Queen Elizabeth's Friend & Racing Journalist Ivor Herbert Dead At 96: He Passed Away 'Peacefully At Home'
Queen Elizabeth has lost another friend — in early January, racing journalist and trainer Ivor Herbert died at 96 years old.
"Ivor Herbert died peacefully at home on the 5th of January, aged 96. Beloved father of Nick, Kate and Jane and grandfather to Joe. Private cremation. The details of a memorial service to follow," an announcement in The Times read.
Racing correspondent Cornelius Lysaght also confirmed then news, writing, "Sad Ivor Herbert has died aged 96; great writer/journalist re racing — books included terrific The Winter Kings on top chasers — and travel; a perceived conflict of interest with media meant no trainer’s licence permitted but did train 1957 Cheltenham Gold Cup winner Linwell."
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Herbert wrote several books, including one called The Queen Mother's Horses, which was released in 1967.
The two bonded over horses, as the 95-year-old is passionate about the magnificent animals.
It has been a tough few months for the Queen, as she has lost two other close friends — the monarch's lady-in-waiting Diana Maxwell, Lady Farnham, died on December 29 at 90 years old, and in early December, she lost her pal Ann Fortune FitzRoy, the Duchess of Grafton.
"It is very sad for the Queen. Everyone loved Lady Farnham, she was always so good humored. She was also a very glamorous and attractive woman," a source told The Sun about the death. “She was always very generous to new people joining the household. It has not been a good year for the Queen — losing her husband and then the Duchess of Grafton and now Lady Farnham. They were dear friends who supported the Queen on official duties. Unfortunately, a sad consequence of living a long life is that you have to say goodbye to a lot of people you care about.”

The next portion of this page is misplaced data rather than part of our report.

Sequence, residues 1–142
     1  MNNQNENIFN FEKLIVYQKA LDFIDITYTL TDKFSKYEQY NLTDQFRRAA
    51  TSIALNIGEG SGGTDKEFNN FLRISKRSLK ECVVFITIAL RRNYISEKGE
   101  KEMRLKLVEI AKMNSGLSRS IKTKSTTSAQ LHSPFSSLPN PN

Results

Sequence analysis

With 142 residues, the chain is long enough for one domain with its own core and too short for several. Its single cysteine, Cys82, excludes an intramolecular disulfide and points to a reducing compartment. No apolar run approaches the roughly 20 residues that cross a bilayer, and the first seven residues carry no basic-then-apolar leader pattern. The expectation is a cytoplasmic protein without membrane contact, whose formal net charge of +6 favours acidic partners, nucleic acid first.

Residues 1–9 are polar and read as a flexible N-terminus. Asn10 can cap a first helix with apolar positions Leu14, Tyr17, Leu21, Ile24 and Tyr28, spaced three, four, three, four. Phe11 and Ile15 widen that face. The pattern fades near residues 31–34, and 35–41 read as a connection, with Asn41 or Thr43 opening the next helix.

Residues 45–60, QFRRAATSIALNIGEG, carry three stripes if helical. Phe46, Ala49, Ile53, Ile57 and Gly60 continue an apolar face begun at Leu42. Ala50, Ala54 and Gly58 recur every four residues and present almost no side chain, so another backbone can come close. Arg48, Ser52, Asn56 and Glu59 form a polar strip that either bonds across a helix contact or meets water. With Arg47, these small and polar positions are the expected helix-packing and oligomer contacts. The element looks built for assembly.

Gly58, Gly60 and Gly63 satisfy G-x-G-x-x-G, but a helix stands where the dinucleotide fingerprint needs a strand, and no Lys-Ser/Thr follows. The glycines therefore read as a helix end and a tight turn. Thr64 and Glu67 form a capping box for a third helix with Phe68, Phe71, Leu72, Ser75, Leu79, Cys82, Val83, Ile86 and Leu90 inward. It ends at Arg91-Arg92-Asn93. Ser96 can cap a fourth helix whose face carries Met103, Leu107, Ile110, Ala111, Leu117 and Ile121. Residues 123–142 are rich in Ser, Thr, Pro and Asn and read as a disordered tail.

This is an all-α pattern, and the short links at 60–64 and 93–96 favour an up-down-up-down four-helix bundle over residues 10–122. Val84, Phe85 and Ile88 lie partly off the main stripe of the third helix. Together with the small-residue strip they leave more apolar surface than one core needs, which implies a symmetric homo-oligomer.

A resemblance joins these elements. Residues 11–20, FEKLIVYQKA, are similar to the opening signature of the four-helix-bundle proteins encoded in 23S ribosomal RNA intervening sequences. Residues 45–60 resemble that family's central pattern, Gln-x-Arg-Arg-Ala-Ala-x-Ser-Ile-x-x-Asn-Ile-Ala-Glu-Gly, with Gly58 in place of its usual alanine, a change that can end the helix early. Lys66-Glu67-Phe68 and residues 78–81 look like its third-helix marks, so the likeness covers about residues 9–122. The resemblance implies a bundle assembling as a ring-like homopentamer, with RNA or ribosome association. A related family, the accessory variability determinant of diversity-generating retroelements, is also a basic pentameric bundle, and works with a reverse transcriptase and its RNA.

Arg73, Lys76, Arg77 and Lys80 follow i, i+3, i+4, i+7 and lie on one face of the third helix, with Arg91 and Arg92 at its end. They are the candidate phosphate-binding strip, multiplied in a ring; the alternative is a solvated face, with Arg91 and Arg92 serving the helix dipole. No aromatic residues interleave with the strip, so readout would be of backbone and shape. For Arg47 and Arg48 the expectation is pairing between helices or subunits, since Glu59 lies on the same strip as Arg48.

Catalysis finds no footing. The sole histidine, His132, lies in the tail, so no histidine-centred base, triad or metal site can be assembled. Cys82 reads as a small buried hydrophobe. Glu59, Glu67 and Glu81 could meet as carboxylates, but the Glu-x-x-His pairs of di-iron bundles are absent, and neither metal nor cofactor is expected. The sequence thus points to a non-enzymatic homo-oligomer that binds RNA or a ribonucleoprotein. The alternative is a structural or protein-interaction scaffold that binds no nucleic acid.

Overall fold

In April 2021, Prince Philip passed away at 99 years old.
During her annual Christmas speech, the Queen touched upon her loss.
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“Although it’s a time of great happiness and good cheer for many, Christmas can be hard for those who have lost loved ones. This year, especially, I understand why," she began.
“But for me, in the months since the death of my beloved Philip, I have drawn great comfort from the warmth and affection of the many tributes to his life and work – from around the country, the Commonwealth and the world," she continued. “His sense of service, intellectual curiosity and capacity to squeeze fun out of any situation were all irrepressible. That mischievous, enquiring twinkle was as bright at the end as when I first set eyes on him."